The South Korean company has entered a joint development effort with MTI MicroFuel Cells Inc., based in Albany, N.Y. MTI, a subsidiary of Mechanical Technology Inc., said Thursday the exclusive deal has the two companies developing MTI's methanol-based Mobion fuel cells for a series of cellular-phone prototypes, as well as mobile-phone accessories.
Batteries based on rechargeable lithium ion or lithium polymer technologies power most of today's mobile phones, as well as most other handheld devices. Among the biggest negatives of the batteries, however, are the acids and heavy metals contain, which are harmful to the environment. MTI claims its rechargeable fuel cells last longer than traditional batteries and are more eco-friendly.
Fuel cells, however, have their own problems, Chris Ambrosio, analyst for Strategy Analytics said Friday. The batteries in their current form are too big for most cellular phones, and the technology is perceived as more dangerous to the user.
Methanol is highly flammable, and safety advocates believe the chemistry in fuel cells could pose a problem if they leak or overheat. While Ambrosio believes the manufacturers can make safe fuel cells, they probably will need to go an extra mile in convincing government regulators in countries like the United States.
"I have not heard of a fuel cell exploding in anyone's pockets, but there's a significant public relations and safety issue perception that the industry is going to have to overcome," Ambrosio said.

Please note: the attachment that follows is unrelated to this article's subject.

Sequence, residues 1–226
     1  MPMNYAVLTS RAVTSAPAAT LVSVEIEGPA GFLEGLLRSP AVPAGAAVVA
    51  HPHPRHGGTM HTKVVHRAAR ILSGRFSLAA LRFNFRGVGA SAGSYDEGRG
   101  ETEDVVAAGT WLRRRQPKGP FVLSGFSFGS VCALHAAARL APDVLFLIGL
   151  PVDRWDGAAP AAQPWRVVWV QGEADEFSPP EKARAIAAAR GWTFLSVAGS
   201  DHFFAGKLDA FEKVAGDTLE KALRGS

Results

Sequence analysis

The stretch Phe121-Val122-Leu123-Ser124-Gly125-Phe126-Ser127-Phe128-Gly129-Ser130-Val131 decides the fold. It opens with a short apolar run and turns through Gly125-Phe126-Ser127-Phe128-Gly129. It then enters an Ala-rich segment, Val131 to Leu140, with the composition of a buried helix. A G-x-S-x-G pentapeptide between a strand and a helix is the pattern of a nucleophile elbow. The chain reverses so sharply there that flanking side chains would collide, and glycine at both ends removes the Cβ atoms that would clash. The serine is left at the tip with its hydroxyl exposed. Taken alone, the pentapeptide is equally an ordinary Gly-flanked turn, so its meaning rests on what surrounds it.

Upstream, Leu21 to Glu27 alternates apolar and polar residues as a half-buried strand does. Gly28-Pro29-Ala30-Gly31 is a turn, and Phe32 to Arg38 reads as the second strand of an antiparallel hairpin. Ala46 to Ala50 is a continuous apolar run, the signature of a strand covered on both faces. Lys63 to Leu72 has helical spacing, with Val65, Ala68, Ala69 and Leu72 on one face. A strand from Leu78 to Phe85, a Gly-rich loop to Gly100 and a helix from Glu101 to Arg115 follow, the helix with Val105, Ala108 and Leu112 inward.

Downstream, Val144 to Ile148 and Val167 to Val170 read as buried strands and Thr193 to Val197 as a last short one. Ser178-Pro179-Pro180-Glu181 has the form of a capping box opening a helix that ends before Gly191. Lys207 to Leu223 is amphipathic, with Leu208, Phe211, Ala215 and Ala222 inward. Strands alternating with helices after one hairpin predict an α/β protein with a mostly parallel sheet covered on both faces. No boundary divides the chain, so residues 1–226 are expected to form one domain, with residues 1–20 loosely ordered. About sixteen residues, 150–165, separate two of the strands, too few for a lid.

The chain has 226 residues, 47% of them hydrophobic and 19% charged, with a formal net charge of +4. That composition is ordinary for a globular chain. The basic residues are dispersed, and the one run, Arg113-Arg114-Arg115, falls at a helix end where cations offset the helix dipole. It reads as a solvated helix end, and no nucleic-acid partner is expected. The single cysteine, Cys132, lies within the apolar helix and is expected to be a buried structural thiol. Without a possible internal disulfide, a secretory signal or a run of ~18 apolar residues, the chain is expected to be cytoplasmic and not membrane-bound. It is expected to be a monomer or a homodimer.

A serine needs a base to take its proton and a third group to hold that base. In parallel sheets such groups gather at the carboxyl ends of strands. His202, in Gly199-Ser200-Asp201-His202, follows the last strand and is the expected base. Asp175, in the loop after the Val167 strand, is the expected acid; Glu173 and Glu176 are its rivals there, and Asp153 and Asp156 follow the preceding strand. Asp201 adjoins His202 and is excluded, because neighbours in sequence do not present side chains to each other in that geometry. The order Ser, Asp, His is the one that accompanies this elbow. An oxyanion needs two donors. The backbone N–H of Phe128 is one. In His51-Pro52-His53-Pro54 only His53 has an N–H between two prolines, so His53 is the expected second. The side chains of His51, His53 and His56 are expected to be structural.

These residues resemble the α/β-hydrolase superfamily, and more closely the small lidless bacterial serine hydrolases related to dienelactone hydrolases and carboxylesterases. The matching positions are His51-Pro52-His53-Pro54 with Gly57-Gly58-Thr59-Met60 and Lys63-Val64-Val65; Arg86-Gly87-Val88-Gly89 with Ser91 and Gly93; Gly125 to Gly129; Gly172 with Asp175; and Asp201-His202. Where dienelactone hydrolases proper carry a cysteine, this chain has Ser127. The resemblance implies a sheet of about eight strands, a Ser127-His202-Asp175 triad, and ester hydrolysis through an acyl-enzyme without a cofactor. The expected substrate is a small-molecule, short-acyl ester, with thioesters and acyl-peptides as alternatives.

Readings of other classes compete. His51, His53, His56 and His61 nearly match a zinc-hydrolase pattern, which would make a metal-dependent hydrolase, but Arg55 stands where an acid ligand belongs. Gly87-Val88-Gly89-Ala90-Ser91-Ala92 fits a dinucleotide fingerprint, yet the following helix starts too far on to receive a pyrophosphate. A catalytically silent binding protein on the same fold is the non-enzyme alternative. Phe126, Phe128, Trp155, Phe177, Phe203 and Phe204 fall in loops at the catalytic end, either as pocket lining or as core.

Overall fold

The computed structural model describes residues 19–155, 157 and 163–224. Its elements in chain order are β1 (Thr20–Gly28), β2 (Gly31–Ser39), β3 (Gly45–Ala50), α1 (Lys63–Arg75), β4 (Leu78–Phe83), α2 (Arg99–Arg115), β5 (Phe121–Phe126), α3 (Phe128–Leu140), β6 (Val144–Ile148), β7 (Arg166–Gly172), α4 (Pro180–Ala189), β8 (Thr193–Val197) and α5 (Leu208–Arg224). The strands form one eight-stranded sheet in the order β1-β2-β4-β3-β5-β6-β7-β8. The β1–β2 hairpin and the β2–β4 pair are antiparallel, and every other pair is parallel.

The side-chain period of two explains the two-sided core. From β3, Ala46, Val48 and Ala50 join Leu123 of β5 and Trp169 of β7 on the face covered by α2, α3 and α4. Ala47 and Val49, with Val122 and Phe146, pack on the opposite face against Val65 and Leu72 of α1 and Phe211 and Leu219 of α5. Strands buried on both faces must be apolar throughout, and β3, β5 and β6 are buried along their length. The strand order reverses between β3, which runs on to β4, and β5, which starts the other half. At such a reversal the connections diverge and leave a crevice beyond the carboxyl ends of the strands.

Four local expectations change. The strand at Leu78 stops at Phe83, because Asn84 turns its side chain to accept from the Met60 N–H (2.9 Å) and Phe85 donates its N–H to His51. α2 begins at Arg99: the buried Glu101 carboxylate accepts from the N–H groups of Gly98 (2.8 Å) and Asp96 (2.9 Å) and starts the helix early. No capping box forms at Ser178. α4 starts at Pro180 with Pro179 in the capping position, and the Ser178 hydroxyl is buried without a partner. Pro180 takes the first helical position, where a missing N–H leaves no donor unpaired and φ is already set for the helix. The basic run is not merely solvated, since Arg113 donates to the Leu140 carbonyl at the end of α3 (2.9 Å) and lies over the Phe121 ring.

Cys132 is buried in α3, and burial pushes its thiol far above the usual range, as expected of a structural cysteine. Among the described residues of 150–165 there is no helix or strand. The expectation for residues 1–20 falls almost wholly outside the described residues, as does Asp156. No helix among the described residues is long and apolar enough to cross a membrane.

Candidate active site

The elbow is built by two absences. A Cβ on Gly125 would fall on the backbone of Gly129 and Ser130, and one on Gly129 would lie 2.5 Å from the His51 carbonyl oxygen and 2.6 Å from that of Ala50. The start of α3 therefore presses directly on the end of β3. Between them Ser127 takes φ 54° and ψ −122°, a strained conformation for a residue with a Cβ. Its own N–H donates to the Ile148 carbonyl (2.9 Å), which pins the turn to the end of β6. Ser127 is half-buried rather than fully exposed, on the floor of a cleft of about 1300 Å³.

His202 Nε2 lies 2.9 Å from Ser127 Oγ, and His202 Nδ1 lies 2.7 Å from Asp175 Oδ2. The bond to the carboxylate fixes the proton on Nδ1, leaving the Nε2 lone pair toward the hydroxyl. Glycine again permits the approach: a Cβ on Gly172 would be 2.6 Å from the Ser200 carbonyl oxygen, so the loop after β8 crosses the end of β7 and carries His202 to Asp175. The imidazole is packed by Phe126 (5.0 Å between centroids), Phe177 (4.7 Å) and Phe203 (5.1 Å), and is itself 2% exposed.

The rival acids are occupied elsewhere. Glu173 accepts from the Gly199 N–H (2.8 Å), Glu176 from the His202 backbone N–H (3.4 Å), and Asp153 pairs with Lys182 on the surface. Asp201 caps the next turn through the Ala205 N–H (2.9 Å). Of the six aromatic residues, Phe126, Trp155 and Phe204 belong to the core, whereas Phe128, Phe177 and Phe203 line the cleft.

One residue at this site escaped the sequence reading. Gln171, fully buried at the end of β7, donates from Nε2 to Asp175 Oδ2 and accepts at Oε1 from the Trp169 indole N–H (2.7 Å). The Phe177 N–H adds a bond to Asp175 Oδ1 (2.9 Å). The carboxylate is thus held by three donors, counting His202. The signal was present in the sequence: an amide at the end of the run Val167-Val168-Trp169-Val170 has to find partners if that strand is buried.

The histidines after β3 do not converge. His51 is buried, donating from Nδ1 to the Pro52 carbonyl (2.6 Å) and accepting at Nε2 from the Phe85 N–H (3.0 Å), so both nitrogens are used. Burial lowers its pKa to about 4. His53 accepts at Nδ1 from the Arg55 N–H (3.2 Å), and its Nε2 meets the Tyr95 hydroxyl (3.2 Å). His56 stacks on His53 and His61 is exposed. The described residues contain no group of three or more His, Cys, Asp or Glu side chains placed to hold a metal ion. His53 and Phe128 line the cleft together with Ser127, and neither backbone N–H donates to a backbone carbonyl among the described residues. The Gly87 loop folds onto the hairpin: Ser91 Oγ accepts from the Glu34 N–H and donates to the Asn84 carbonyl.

By investing research and development in fuel cells, Samsung is showing that it believes the technology has potential. The biggest benefit in having the No. 3 handset maker behind the technology would be in getting it in more markets around the globe, Ambrosio said. Currently, fuel cell powered phones are limited mostly to Japan, where carriers NTT DoCoMo and KDDI are big supporters of the technology.
"Samsung would be the first to bring it out into a broader global market, such as the U.S. market," Ambrosio said.
Samsung has committed to investing $1 million to the R&D effort, which would remain exclusive through the second quarter of 2007, BusinessWeek magazine reported.
There's little doubt that today's batteries will need to be improved dramatically in order to keep up with the power-hungry features being added to mobile phones, handheld computers, digital cameras, and many other consumer devices.
MTI, a small company with $8 million in sales last year, is pushing fuel cells hard as the technology most likely to replace lithium batteries, which the company paints as reaching their peak. Some experts disagree, however, saying research in lithium polymer batteries in particular is likely to keep them viable for quite awhile.
"It's not advancing in leaps and bounds, but the death of lithium polymer is a long ways away," Ambrosio said.